In This Chapter
Discovering your way around the filesystem
Adding removable media to the filesystem
Understanding filesystem permissions
I have an existential map. It has "You are here" written all over it.
One of the most frustrating things about mastering a new operating system can be figuring out where it keeps files. Instead of keeping all the important system files in a single directory (such as the
C:\Windows directory in Microsoft Windows), Linux follows the lead of its UNIX cousins and spreads things out a bit more. Although the Linux and Windows setups involve different methods, they are both logical, although it may not feel that way until you get a handle on where to look.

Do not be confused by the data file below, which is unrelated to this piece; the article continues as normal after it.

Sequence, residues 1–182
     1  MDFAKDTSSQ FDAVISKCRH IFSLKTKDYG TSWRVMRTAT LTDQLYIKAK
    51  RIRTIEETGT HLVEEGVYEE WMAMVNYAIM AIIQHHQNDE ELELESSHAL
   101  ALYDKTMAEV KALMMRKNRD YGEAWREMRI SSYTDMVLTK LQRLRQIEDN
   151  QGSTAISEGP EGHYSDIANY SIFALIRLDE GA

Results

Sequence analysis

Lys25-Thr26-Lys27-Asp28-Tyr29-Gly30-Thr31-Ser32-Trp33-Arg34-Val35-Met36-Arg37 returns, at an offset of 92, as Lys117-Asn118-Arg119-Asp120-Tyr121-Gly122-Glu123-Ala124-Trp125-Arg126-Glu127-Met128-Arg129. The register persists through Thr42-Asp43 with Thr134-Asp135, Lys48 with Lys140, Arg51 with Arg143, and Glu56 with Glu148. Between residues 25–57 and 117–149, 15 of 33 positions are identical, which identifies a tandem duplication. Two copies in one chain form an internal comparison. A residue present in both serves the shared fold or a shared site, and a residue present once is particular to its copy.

It helps to understand the lingo before getting started. A lot of this may be familiar to you from other operating systems such as Microsoft Windows, but you need to get used to some differences. To start, the word filesystem is actually used in more than one way. The general use (and what we typically refer to throughout the book) means "the files and directories (or folders) you have access to right now," instead of referring to the method used to store data on the hard drive (such as the
ext3 filesystem discussed in Chapter 3).
Here's what you need to know about filesystems:
Linux uses a forward slash (
/) between directories, not the backslash (
\) that Windows uses. So, the file
yum.conf in the directory ...